Going back to the language/semantics issue, I feel pretty confident in the interpretation of the text I’ve used because the resulting system of equations above is at least internally consistent. That is, there are no contradictions or impossibilities; we never end up with a system of contradictory equations, for example something like L=S+1 and L=S-1 for which there is no possible solution.

Nevertheless, although the riddle is consistent, it is still incomplete (or as mathematicians say, *indeterminate*). We need one more independent equation in order to solve this algebraic system. Independent means the new equation adds some new information that is not contained in the other equations. To me, the riddle reads like the author (presumably Joe Dever) didn’t realize he was giving us the same information twice. Therefore there is nothing contradictory about what’s written, however it is still not enough information to solve the problem. As more evidence that he had something particular in mind, he also had a “correct” answer in mind. That is, he didn’t intentionally make it unsolvable; otherwise, why does section 10 contain the text for having the correct solution?

And because the system is underspecified, in this particular case we can choose any number for L and it will conform to the equations above. Many people have noted this online: any number works for S… pick a number (*any* number: 10, 100, 457, 9999, 6 million, etc) for S and plug it into the equations above, and everything will work just fine. And that is because the space of solutions is still infinitely large because it hasn’t been narrowed down enough by the information in the given equations (this is what an underspecified algebraic system does).

At this point we could try to reinterpret what is meant by “Loyal Servants” (is “Loyal Servants” perhaps really a superset of the various types of minions, etc), but I think doing so is adding complications to try to “bandage up” a flawed problem that was never intended to be a complicated riddle (do you like Occam’s Razor? I do!).

There are many ways the author could have “closed” this system of equations. A third independent equation is all it takes. For instance, he could’ve told us that L=12 (for example if, as someone already proposed, he wanted us to jump to the conclusion that there are 12 Lieutenants of the Night since there are 12 hours in half a day). Then, combining L=12 with the two equations above (D=2 and S+D=L), we immediately see that S=10 (the “intended” solution).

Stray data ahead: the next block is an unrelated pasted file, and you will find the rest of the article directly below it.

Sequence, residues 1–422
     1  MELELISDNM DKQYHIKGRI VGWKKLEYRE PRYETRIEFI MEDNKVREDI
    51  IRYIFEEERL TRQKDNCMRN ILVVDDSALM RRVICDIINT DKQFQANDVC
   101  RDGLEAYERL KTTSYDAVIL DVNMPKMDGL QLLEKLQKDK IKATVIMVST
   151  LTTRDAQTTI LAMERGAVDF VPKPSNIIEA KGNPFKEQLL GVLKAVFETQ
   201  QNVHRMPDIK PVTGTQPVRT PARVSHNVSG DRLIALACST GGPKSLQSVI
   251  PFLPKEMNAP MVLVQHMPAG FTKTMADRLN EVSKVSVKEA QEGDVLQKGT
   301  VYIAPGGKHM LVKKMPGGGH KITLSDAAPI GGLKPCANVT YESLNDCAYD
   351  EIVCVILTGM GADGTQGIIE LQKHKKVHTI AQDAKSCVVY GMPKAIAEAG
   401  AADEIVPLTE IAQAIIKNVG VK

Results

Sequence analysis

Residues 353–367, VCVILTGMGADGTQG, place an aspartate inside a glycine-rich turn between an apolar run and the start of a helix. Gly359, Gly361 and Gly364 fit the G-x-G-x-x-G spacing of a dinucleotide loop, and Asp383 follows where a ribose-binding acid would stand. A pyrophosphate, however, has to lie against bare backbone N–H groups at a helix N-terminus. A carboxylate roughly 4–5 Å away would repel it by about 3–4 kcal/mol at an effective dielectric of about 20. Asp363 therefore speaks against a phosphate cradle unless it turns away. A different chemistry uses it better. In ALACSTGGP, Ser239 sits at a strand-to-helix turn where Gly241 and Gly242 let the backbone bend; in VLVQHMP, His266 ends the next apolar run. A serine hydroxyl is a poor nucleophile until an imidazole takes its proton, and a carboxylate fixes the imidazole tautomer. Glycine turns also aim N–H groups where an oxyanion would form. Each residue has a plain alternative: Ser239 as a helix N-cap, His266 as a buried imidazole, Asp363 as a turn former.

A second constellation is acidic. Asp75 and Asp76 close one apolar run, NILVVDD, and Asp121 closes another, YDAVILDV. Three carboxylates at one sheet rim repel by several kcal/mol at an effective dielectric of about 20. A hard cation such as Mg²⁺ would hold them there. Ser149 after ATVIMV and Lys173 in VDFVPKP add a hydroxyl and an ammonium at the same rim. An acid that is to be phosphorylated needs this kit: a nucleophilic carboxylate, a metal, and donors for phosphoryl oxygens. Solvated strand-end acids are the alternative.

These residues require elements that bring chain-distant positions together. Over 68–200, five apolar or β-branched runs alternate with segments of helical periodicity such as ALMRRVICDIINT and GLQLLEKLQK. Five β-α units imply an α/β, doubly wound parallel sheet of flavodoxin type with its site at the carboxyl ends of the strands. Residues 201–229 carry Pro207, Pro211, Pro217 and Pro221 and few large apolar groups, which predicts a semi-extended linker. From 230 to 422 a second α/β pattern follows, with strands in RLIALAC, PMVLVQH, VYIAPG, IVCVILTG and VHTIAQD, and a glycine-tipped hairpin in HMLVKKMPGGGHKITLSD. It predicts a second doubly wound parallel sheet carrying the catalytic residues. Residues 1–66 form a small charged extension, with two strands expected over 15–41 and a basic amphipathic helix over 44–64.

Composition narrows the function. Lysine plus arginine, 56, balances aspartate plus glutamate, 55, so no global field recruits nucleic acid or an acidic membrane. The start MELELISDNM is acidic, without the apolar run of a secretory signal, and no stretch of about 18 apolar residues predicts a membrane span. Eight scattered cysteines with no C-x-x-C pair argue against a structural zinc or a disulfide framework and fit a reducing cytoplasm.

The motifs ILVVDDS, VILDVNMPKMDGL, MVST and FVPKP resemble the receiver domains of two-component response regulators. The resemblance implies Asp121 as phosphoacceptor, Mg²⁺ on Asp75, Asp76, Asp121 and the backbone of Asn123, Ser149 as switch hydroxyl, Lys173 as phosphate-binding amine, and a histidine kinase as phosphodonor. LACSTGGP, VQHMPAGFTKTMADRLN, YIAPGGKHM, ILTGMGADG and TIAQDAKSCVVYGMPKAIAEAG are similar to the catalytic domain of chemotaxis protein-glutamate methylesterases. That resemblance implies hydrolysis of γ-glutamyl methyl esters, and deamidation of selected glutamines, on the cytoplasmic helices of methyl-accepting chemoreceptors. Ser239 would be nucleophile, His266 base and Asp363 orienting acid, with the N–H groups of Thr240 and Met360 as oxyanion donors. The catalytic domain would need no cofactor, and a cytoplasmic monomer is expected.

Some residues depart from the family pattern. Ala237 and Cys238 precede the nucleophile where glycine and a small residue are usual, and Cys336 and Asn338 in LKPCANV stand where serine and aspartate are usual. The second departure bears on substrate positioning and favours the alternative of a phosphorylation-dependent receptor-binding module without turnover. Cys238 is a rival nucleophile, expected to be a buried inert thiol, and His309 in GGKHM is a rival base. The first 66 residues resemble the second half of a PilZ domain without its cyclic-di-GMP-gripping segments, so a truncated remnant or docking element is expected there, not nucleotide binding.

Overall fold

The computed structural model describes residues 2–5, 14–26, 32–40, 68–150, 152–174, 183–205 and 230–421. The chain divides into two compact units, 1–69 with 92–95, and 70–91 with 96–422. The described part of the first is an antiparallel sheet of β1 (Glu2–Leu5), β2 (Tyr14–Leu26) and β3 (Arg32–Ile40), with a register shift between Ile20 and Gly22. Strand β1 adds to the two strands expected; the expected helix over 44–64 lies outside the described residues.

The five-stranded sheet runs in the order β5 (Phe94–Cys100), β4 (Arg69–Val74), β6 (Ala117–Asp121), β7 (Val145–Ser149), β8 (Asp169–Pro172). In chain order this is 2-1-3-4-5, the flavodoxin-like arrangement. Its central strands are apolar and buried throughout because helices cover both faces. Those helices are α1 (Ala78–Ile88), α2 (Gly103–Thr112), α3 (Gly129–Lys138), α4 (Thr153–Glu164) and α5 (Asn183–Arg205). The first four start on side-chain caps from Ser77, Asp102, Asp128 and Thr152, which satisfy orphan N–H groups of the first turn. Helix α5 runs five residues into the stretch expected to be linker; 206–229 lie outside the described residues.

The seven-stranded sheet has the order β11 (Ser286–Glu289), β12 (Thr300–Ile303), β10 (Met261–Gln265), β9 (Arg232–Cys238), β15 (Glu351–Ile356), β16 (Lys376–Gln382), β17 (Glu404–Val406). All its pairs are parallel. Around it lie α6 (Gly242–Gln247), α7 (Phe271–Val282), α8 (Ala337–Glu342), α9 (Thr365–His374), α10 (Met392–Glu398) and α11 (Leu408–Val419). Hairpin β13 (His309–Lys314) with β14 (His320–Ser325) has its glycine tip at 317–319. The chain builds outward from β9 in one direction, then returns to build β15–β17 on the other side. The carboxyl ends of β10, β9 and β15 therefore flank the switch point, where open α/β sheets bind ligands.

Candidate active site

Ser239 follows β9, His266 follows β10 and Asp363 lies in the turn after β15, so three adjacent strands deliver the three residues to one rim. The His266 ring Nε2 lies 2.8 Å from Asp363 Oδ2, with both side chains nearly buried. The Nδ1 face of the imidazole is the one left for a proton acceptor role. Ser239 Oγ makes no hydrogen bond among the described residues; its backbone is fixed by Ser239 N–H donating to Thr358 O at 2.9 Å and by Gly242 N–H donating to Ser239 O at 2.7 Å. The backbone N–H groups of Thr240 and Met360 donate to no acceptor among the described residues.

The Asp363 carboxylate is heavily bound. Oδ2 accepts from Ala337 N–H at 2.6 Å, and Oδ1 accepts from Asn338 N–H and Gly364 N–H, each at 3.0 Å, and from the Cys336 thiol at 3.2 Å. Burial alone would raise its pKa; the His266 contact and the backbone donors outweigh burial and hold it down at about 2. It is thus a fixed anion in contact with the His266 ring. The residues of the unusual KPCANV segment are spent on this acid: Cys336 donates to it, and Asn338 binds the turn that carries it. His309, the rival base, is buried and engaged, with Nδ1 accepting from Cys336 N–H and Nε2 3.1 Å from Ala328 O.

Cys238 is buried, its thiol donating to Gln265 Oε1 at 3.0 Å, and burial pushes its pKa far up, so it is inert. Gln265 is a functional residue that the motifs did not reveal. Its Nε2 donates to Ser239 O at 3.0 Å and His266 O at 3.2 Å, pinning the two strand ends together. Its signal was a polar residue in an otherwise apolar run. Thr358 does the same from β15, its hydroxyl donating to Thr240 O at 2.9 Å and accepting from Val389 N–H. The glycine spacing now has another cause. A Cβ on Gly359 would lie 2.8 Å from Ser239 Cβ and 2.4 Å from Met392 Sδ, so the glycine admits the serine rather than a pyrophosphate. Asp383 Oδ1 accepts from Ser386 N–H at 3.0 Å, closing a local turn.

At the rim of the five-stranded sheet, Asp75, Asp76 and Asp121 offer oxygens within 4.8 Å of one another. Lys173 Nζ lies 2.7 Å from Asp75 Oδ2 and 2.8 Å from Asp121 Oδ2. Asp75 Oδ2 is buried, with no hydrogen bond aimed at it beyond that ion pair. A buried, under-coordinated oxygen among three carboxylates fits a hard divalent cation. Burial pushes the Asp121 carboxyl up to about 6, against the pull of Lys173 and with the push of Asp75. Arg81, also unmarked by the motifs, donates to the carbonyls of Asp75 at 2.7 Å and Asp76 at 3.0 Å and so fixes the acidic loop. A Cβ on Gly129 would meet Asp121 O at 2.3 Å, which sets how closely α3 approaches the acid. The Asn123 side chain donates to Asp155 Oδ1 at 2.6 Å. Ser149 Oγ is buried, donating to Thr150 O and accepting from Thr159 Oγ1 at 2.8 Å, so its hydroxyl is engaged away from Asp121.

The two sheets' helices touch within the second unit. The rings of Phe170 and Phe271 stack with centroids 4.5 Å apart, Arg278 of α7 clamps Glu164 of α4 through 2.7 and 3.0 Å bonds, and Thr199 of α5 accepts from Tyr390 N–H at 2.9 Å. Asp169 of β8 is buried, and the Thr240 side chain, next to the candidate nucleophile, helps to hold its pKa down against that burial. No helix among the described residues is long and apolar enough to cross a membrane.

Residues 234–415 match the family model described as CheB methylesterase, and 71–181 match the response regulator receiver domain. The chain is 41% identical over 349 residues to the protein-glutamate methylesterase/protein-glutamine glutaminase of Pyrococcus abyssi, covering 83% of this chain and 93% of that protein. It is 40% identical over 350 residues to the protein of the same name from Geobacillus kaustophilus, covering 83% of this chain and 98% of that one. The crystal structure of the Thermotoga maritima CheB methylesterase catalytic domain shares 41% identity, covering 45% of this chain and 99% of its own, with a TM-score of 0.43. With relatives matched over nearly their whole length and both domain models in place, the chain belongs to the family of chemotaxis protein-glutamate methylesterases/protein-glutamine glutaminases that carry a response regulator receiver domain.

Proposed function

Or, he could’ve made it trickier and given us a more complicated third independent equation, like (L+S)/2 = 5D+1 (insert some riddle text to match this equation however you like), which again when combined with the two equations above would yield S=10 (try it for yourself!). I’m just making up examples. In truth, there is an infinite number of equations that could be provided, and the fact remains that we need just one more piece of information that is independent from the other information provided in order to “close” the algebraic system. (If you’re curious, you can check for linear independence of a system of equations using a matrix operation called the determinant).

When Project Aon published LW16 online, they fixed Shamath’s riddle. How? They gave us one new piece of information, just as we needed. Unfortunately, in my opinion, the new information they gave us didn’t make the riddle a whole lot better. Check out the new sentence that was added:

‘My loyal servants are equal in number to the months in a Magnamund year, less the number of my Dwellers of the Abyss.’

So, assuming a Magnamund year has the same number of months as our Gregorian year (which moreover is an unfortunate thing to have to assume):

S = 12 – D

The reason I find this disappointing, besides having to make an assumption about there being 12 months, is that we can immediately solve for S since we already know that D=2. The rest of the riddle is now made pointless, and Shamath could’ve stopped after her first sentence! To put this another way, if Shamath were asking us to solve for L we would still need to utilize the third equation, but since she wants to know S, these first two equations are sufficient and we no longer need to solve for nor care about the value of L. If I were to fix the riddle, I would’ve added a new equation along the lines of the one I suggested above, like (L+S)/2 = 5D+1, which incorporates all 3 unknown variables and therefore still requires the use of all 3 equations in order to solve for S.

So, Shamath’s riddle has been “fixed”, at least in the sense that you can solve it now.

Does anyone know the wording of Shamath’s riddle in the Collector’s Edition of LW16? Because of the short publication run of that book and its resulting rarity, I don’t own it. Let me know in the comments if you do, and what the state of the riddle is in that edition! Is it the same as the “fixed” version on Project Aon?